If you go to Renditions expecting to experience firsthand the beauty of Amen Corner or the grandeur of the Road Hole you will, of course, be greatly disappointed. However, if you’re looking for a well-kept course that will present a number of interesting holes and shots… you certainly could do worse.
The greens may have been in the best condition of all the courses I’ve played this year. The tees and the fairways were extremely playable as well. The superintendent – unlike many of his competitors judging from my experience in August and September – was somehow able to get through the worst of the summer without losing much turf.
The memorabilia in the clubhouse and on the course is worth a mention as well. Fans of golf history (assuming such creatures exists outside of, I don’t know, Gullane or something) will find it fun to look at some of the photos and read of their favorite player’s exploits.
Finally, the price was certainly reasonable for the quality of the course, particularly given its current condition.
The Not-so Good:
‘Not so good’ is too nice a descriptor for the pace of play at Renditions. A 5 + hour round for a twosome teeing off on a Tuesday morning is unacceptable, to put it mildly. We did not encounter a single marshal during our epic, which leads me to believe our experience was not atypical. Sluggish play certainly abounded on the adjoining fairways, but at the same time there appeared to be nowhere for many foursomes to go. Was a single group a few holes ahead holding everyone up? Bunched up tee-times leading to congestion? Mulligans galore in an effort to hit the “island green” or to clear “Rae’s creek”? Unclear, but management here has a big problem that they appear – on the day of my visit at least – uninterested in fixing.
Again, I certainly didn’t expect to come away with a subtle appreciation of the challenges the pros face at championship courses. It’s not feasible to expect, say, Georgia pines along three holes, or hard and fast conditions on the British Open replicas. And, for all that the course isn’t, you do walk away from the round having played an island green (17 at Sawgrass), a reachable dog-leg left par 5 with a creek along the side that bisects the fairway in front of the green (13 at Augusta), and a number of blind holes where you have no idea where the fairway is or what traps may await (the three British holes). You can even attempt to hit out of something resembling the “church pews” bunker if you’re (un)lucky enough to find it (Oakmont 3/4).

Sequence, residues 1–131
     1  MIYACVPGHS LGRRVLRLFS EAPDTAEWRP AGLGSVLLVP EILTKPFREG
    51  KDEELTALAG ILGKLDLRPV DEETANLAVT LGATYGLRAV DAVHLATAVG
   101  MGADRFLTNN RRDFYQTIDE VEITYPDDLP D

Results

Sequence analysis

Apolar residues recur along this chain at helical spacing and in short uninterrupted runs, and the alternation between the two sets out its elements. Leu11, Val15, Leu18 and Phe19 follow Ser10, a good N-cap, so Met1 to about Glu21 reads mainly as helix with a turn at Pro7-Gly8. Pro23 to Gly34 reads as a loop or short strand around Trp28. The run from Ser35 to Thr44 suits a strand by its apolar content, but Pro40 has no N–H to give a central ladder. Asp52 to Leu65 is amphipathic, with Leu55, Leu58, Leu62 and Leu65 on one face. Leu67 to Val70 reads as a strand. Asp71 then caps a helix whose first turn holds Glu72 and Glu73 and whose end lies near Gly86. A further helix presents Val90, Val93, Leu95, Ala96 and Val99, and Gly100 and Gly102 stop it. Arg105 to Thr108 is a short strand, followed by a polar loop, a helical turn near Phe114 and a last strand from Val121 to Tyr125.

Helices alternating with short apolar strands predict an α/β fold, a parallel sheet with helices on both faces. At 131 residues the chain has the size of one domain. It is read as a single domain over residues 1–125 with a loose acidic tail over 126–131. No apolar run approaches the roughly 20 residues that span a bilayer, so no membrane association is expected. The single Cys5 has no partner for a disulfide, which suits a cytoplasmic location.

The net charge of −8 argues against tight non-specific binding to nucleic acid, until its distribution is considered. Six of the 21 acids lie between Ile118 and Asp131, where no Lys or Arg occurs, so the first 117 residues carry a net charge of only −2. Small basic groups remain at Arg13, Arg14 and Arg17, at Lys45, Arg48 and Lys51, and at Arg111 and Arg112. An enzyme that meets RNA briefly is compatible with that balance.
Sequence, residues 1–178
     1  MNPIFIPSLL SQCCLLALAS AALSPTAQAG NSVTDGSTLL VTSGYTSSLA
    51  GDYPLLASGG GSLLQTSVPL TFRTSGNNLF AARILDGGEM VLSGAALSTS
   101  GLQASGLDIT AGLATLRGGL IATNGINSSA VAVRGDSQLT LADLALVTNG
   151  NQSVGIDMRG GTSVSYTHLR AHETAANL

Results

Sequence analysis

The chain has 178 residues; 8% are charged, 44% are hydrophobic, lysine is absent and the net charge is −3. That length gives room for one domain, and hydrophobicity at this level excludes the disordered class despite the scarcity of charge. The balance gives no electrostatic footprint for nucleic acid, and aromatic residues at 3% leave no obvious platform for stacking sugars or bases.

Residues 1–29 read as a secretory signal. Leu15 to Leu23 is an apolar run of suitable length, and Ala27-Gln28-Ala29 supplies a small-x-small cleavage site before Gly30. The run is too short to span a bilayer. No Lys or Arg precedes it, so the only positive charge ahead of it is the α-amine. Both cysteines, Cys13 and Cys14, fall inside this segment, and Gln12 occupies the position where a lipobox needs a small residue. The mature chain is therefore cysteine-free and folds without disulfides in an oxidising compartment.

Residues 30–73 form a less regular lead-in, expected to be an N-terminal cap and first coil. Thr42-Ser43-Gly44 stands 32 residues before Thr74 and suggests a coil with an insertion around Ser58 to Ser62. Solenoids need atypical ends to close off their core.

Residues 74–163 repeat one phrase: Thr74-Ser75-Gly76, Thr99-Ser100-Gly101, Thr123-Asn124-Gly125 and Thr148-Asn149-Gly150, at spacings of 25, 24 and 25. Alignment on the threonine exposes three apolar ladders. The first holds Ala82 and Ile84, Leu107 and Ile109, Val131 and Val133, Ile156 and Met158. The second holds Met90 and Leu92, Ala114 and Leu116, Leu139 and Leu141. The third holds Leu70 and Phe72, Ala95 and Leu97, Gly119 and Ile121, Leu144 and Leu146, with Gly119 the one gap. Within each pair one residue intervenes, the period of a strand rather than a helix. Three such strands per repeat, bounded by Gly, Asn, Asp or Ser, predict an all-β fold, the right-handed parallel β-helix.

Still, I will say that many of the holes are unmemorable (the “renditions” of Medinah, Inverness, Southern Hills, Oak Hill, and the Country Club, to name a few, looked to me like they could have been pulled from any moderately priced municipal course) and there’s no way I would have ever successfully placed the replica of the one hole I’ve actually walked (#16, Shinnecock).
It must also be said: the average golf fan will find many of the hole choices to be odd. There’s actually no Road Hole, or Swilcan Burn… no Carnoustie finish or ‘Postage Stamp’. No #18 at Pebble (is it that hard to replicate the Pacific Ocean?) Nothing from Pinehurst…
Of course, I don’t pretend to know how difficult it is to come up with a layout for this type of course. I’m sure space, the vagaries of the land, legal wrangling, and the whims of the owner conspired to dictate the particular holes chosen, and their order…
I recommend venturing out to Renditions if you have friends or family coming into town and you’re looking for something more interesting than a typical higher-end public course. One can certainly have a very enjoyable time playing the course with the right group. That said, I probably would not play it with my regular foursome and have no intention of running out there again as a single.
Of Renditions however, one thing is clear: if you do decide on this course, just be sure to set aside about six hours of your day.